by Soojin Um
Staff Writer

We’re surrounded by plants. Chances are, you have a potted plant somewhere in your home. If you have a veranda or a backyard, you probably have an herb garden or a flower bed. Even if you’re not much of a gardener, there’s the grass to mow and shrubs to trim. Plants are everywhere. If you add cats to the mix, that can potentially lead to some problems.

kitty-2948404_1920Some cats like to nibble on flowers and other plants. Usually it’s harmless, but there are many plants that are toxic to cats. The result can be an upset stomach or vomiting, but also more serious symptoms, such as difficulty with breathing, trouble with swallowing, and heart irregularities. It’s also not just eating and chewing, but being around plants that can cause issues, such as irritation of the skin, paws, and mouth.

Toxic FlowersThere are several categories of plants that cats can frequently come in contact with that can cause them harm. The first category is: flowers. Certain flowers are toxic to cats. Most rhododendrons, particularly the Azalea, are dangerous. Ingestion can cause vomiting and diarrhea, but if a lot of it is eaten, it can cause coma and even death. Lilies of any kind can also be lethal. Lily poisoning can cause kidney failure, even in small quantities. Even lily pollen is poisonous. Cats may get lily pollen on their fur, and when they groom themselves, they ingest it. If you see any symptoms or think your cat may have eaten these flowers, call the veterinarian right away. It’s generally good practice to keep flowers out of the house unless you know for sure they are harmless to cats. Consult trusted sources, such as your vet, which flowers are safe.

TreesIf your cat is an outdoor cat, even part time, certain trees can cause toxic effects. In particular, fruit trees can be very harmful. Cherry trees contain molecules that can cause death in cats and dogs. The cherries are harmless, but the leaves, flowers, and seeds contain cyanide. If eaten, it can cause breathing problems, muscle weakness, and shock. Other trees can have similar effects. Apple, apricot, and peach trees also contain cyanide molecules. It’s easy to determine what plants can be inside the house, but it’s different outdoors. Cats can go into neighboring areas that have these trees (and other plants). You may have to weigh the risks before letting your cat outside.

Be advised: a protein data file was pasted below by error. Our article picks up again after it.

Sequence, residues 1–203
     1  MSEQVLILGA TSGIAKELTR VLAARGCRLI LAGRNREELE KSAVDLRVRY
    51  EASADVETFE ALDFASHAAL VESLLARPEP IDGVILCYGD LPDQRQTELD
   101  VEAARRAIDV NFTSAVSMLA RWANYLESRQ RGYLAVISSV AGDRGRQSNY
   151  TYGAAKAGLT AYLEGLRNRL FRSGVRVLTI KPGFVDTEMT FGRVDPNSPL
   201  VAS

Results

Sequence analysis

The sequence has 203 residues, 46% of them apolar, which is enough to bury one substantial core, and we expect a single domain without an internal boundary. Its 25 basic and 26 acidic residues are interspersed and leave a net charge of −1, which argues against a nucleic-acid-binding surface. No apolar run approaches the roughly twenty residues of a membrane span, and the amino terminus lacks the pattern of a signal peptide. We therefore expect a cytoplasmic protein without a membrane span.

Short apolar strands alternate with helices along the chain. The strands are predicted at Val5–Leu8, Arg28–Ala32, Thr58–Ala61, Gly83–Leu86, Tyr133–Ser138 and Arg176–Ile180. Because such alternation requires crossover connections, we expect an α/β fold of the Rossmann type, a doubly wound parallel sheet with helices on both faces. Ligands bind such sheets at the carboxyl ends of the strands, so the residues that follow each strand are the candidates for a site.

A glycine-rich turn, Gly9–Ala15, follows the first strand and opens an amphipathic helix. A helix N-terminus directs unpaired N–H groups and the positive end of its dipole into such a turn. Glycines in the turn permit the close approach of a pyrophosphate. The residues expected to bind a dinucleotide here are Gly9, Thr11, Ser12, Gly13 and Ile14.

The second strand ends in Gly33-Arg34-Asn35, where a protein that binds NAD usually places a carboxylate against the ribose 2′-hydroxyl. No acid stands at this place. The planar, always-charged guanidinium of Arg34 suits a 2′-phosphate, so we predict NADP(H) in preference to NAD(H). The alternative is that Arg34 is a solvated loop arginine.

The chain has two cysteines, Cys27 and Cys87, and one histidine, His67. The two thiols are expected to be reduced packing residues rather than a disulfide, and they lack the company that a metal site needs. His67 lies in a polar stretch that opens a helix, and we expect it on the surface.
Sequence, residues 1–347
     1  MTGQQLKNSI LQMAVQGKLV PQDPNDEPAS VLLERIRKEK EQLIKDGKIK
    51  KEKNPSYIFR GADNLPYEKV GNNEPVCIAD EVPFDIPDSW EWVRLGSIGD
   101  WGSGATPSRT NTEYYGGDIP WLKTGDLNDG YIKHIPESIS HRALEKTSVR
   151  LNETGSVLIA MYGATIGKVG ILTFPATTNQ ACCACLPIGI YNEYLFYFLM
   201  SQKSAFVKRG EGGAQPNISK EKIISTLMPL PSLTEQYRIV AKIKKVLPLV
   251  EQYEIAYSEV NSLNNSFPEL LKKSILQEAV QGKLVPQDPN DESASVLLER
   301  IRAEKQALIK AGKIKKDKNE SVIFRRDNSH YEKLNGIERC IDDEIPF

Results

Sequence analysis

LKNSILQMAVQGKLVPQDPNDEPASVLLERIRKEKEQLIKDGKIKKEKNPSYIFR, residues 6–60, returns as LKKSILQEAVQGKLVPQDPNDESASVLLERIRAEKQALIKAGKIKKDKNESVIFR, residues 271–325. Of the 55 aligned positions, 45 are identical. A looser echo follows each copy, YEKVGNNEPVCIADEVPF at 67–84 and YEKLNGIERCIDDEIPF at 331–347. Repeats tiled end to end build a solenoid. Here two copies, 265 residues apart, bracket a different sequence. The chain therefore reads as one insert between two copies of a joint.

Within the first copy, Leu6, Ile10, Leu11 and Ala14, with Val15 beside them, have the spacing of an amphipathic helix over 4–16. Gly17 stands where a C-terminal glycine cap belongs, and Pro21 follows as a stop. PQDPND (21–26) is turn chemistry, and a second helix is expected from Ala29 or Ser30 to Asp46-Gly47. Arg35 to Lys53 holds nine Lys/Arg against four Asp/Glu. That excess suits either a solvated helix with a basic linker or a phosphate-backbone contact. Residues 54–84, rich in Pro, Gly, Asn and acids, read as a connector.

Kitchen ToxicsThere are also toxic plants in your home hiding in plain sight: In your kitchen. Certain fruits and vegetables can be just as poisonous as any tree or flower. Onions and garlic can cause anemia (damage to red blood cells) in cats. In very small amounts, you might not see any symptoms. However, if a lot is ingested, it can cause sudden anemia and weakness. Onion poisoning is fairly easily treatable, but you must act fast and take your cat to the vet. Other toxic foods include grapes and raisins. These foods can cause kidney failure in some dogs and cats, though some pets can eat these with no ill effects. Since it’s not possible to predict which cats will have problems and which won’t, it’s best to abstain from giving your cat grapes and raisins. They provide no nutritional benefit to cats, so it’s not like cats are losing out by not eating them. It’s always better safe than sorry.

There are many things that are harmless to us but can be harmful to cats. If you have a new cat, you may need to examine your home and habits to see if anything can hurt your feline friend. There are many resources on creating a safe environment for your cat, and you might want to start with your veterinarian.

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